PO2NUK-The Politics of Nuclear Weapons

Module Provider: School of Politics, Economics and International Relations
Number of credits: 20 [10 ECTS credits]
Terms in which taught: Spring term module
Non-modular pre-requisites:
Modules excluded:
Current from: 2019/0

Module Convenor: Dr Joseph O' Mahoney

Email: j.p.a.omahoney@reading.ac.uk

Type of module:

Summary module description:

How do nuclear weapons affect international politics? How likely is nuclear war or nuclear terrorism? How dangerous is nuclear proliferation? Is nuclear disarmament possible? This module examines the historical, and political contexts for nuclear policy making, including the development of nuclear weapons by states, the evolution of nuclear strategy, the role nuclear weapons play in international politics, the risks posed by nuclear arsenals, and the policies and strategies in place to mitigate those risks. Emphasis is given to political and technical considerations affecting national choices. The module considers the issues surrounding non-proliferation strategies, nuclear security, and next steps for arms control.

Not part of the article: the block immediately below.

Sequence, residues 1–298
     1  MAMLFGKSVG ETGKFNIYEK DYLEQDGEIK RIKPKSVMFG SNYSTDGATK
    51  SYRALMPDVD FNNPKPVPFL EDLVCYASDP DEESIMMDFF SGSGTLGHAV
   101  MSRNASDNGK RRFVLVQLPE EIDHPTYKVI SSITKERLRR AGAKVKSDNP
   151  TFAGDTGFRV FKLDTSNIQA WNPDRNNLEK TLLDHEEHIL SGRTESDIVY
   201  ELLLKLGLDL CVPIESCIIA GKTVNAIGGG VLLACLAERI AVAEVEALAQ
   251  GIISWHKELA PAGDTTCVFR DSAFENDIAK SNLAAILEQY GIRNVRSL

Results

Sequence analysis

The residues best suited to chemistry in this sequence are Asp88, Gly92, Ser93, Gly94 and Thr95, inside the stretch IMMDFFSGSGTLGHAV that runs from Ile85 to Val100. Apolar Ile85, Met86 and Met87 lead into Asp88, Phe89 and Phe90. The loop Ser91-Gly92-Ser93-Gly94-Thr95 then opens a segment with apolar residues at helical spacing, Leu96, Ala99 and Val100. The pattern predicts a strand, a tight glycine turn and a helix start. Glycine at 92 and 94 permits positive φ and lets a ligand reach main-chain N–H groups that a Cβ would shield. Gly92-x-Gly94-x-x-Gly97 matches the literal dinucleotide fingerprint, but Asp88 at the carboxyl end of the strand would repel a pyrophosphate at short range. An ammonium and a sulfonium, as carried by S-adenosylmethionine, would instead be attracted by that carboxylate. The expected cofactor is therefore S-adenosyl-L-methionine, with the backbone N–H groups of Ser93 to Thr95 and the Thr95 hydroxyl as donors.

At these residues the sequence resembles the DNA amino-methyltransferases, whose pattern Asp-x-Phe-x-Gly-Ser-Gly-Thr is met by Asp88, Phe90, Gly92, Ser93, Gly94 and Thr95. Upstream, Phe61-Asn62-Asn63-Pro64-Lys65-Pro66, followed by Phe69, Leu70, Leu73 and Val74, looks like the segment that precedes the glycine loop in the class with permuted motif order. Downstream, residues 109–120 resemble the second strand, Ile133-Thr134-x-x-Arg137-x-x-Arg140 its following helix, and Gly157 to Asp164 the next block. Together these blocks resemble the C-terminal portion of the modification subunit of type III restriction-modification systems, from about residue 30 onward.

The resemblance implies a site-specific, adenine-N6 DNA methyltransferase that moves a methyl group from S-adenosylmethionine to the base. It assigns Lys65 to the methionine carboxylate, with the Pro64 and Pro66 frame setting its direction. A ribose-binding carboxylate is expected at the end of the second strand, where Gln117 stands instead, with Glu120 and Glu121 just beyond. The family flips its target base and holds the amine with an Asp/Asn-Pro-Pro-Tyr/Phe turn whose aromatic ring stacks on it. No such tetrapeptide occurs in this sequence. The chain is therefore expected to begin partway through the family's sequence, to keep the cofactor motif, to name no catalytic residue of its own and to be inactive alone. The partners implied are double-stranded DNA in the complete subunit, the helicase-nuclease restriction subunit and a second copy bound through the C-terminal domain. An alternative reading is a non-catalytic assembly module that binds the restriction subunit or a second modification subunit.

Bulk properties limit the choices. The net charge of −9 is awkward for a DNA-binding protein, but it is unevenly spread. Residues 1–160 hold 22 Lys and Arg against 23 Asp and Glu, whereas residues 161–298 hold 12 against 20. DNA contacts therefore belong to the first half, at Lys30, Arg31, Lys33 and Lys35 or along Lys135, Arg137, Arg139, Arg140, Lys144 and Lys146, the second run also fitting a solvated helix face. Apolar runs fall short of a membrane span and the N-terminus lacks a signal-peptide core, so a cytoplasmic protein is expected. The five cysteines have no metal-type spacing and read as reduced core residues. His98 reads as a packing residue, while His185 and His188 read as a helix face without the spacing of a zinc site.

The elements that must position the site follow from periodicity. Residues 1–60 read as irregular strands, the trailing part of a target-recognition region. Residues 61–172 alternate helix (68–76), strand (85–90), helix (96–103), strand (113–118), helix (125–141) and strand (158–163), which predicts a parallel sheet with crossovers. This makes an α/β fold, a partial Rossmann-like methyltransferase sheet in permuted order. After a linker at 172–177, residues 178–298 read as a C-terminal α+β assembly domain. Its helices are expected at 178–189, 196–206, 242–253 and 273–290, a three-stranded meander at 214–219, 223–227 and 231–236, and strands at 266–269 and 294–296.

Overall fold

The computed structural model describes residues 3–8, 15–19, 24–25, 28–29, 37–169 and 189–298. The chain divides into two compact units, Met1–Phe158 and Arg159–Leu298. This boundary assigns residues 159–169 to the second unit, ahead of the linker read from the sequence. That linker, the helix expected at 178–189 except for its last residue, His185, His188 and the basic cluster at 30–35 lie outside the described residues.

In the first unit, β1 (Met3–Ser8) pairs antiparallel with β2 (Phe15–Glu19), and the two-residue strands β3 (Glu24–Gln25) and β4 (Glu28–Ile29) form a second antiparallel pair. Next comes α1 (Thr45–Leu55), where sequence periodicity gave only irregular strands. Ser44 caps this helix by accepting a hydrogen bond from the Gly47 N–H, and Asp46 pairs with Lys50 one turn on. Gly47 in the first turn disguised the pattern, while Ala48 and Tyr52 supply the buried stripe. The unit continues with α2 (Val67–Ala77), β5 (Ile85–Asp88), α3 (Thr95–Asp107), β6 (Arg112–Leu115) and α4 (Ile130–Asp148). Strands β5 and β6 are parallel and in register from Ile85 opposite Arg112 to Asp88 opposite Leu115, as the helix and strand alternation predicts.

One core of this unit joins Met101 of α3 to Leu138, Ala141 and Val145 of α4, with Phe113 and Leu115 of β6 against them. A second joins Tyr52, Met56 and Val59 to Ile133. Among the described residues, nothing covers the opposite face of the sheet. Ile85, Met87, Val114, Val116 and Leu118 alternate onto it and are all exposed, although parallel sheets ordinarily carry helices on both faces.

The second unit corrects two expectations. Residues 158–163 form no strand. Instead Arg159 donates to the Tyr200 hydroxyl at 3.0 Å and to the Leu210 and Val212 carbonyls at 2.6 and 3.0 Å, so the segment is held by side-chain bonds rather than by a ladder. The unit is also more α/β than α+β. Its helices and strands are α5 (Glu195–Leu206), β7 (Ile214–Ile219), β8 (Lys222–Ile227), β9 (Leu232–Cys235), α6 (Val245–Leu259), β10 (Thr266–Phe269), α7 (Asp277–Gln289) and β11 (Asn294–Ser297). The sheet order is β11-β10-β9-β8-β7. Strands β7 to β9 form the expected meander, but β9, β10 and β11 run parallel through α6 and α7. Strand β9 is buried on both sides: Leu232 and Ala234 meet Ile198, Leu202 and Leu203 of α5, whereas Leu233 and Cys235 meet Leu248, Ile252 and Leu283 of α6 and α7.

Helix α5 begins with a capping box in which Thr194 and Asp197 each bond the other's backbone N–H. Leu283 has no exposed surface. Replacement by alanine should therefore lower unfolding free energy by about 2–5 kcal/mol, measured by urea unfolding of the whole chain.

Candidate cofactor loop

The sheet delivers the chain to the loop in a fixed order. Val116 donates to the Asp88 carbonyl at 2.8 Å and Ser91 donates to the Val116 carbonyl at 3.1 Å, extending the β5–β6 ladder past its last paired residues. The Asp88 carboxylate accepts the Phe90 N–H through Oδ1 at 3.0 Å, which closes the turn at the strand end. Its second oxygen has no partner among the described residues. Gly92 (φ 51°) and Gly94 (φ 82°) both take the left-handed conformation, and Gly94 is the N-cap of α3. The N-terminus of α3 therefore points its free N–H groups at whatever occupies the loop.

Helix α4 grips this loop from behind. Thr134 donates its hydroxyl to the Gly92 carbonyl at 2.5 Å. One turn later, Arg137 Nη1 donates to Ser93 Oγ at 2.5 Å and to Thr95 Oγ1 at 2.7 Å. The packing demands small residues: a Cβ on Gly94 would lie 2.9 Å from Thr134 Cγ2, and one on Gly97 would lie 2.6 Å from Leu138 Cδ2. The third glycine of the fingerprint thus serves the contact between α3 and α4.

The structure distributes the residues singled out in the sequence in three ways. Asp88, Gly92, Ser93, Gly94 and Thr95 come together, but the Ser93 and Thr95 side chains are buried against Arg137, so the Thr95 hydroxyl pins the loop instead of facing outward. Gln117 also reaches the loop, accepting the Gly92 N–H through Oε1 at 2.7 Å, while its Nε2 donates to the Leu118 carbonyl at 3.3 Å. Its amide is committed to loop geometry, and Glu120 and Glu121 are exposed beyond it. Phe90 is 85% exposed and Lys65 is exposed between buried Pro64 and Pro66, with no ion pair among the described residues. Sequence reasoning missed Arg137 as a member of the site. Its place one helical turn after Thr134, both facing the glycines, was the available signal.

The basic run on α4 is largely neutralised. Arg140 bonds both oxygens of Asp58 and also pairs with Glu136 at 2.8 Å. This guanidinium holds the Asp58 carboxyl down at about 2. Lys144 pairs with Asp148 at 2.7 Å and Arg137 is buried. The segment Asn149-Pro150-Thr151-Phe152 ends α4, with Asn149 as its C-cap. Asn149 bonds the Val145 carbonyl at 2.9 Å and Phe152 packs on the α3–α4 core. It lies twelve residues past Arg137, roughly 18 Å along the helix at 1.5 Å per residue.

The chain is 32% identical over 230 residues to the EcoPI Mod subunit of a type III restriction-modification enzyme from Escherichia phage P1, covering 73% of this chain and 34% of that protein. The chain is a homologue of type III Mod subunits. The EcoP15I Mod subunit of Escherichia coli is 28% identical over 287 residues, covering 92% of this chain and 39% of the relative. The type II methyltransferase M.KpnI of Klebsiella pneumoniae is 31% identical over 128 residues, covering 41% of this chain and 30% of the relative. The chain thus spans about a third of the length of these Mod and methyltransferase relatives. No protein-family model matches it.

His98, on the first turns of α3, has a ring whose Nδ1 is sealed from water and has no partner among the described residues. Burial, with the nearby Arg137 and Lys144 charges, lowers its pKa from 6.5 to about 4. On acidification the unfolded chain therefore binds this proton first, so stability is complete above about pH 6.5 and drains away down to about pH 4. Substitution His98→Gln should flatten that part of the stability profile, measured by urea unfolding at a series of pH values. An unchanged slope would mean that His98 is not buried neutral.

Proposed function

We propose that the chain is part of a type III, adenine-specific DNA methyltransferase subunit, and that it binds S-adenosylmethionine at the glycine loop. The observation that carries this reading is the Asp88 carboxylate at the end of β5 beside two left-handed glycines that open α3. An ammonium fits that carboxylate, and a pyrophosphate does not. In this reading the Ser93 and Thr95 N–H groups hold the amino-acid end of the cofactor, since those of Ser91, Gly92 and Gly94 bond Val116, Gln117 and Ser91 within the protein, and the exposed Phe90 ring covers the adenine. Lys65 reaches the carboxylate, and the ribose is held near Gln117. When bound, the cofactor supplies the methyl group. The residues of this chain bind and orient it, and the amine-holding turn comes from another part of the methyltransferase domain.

The aims of this module are to provide students with a basic understanding of the theoretical issues surrounding nuclear weapons, their historical development, and the impact they have had historically on global politics and in current policy debates. It will focus not only on social science theories, but also on integrating technical expertise into policy discussions.

Assessable learning outcomes:

By the end of the module it is expected that students will be able to:

  • Demonstrate knowledge of the politics, history and technologies surrounding nuclear weapons and nuclear energy;

  • Synthesize and apply major theoretical tools to analyse proliferation dynamics, and engage in contemporary proliferation policy debates;

  • Combine theoretical and empirical knowledge into informing policy analysis on a contemporary nuclear issue;

  • organize and articulate arguments effectively in writing, both under timed conditions and in assessed essays.

Additional outcomes: